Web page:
Who knows, I might move back to New York one day, but right now I’m happy to be here. There’s a real sense of community in the village, and I like the little things like watching nature change. Here I feel like I’m part of something larger, although I do miss the openness, the friendliness of Americans, and other aspects of life in the city. Then again, the other day we finally managed to get US radio connected in the house through an iPhone. So now we have Philly radio blasting through our ancient stone house on our surround system in our little Swiss village!
At that moment I thought that life is truly amazing. Instead of looking from Hoboken across the Hudson River onto Manhattan, I now look out from my window across the much smaller Maggia River down the valley. Yes, some days I miss the excitement of working in an office, in one of the world’s publishing capitals, but working from home allows me to concentrate more on doing what I love the most: talking to my customers and selling rights. And yes, my small village is not New York in many ways, but it is an amazing place nonetheless, and I still get to go on business trips, attend book fairs, and participate in meetings via phone. And I have a garden.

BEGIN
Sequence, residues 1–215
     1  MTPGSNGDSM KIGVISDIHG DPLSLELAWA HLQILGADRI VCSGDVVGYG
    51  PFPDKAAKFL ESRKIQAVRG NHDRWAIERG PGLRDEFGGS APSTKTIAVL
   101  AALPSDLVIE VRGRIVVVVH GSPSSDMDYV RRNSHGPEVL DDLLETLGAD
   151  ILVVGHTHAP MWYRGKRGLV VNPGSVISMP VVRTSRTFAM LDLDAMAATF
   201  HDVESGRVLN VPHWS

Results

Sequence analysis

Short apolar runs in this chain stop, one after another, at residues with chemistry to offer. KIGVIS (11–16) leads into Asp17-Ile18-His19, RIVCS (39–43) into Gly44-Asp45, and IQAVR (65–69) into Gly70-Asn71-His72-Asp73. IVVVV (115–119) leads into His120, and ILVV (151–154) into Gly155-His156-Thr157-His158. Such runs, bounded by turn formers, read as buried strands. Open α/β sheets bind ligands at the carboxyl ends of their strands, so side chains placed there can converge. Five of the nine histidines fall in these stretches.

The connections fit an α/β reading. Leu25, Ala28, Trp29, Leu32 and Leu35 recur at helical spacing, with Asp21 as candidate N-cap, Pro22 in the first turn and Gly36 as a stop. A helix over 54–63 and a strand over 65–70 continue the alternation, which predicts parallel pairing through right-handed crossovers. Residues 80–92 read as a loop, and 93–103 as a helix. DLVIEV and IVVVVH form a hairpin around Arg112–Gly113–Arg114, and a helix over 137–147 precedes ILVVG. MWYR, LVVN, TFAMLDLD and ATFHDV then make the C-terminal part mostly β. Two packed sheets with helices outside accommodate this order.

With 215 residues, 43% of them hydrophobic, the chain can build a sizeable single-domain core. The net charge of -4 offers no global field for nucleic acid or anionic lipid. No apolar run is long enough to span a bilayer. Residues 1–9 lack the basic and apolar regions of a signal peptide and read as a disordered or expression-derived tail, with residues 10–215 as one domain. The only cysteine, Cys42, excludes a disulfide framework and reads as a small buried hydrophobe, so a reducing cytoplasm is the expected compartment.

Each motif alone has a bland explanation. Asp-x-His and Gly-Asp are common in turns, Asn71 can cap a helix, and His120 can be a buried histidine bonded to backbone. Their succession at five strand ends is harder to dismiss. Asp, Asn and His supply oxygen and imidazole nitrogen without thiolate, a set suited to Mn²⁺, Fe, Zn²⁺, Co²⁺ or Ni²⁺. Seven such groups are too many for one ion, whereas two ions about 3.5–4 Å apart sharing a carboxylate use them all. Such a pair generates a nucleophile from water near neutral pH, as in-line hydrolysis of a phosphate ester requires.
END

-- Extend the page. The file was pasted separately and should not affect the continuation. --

Learning to Speak Australian
Ali Lemer is a native New Yorker working as an editor in the production department at Lonely Planet in Australia. In Australia, where she is currently coordinating the 5th edition of the LP guide to Tunisia: editing, assessing and preparing the submitted manuscript, and working on the layout.
I originally came to Melbourne in 2004 to visit a boy I’d met (the average expat story). I stayed for about 3 months and liked it enough to want to come back, especially when I saw that the University of Melbourne had a Publishing & Communications program. We eventually broke up (the average long-distance relationship story), but the next year I returned to Melbourne and started my studies, and in late 2006 I received a Master of Arts in Editing & Communications. I had done my academic internship at Lonely Planet and really enjoyed it, so when some editor positions opened up in 2007 I applied for one.
Lonely Planet was happy to sponsor me for a work visa. Being a travel publisher, it’s in their interest to have employees from as many cultures as possible, so we have quite a few expats here.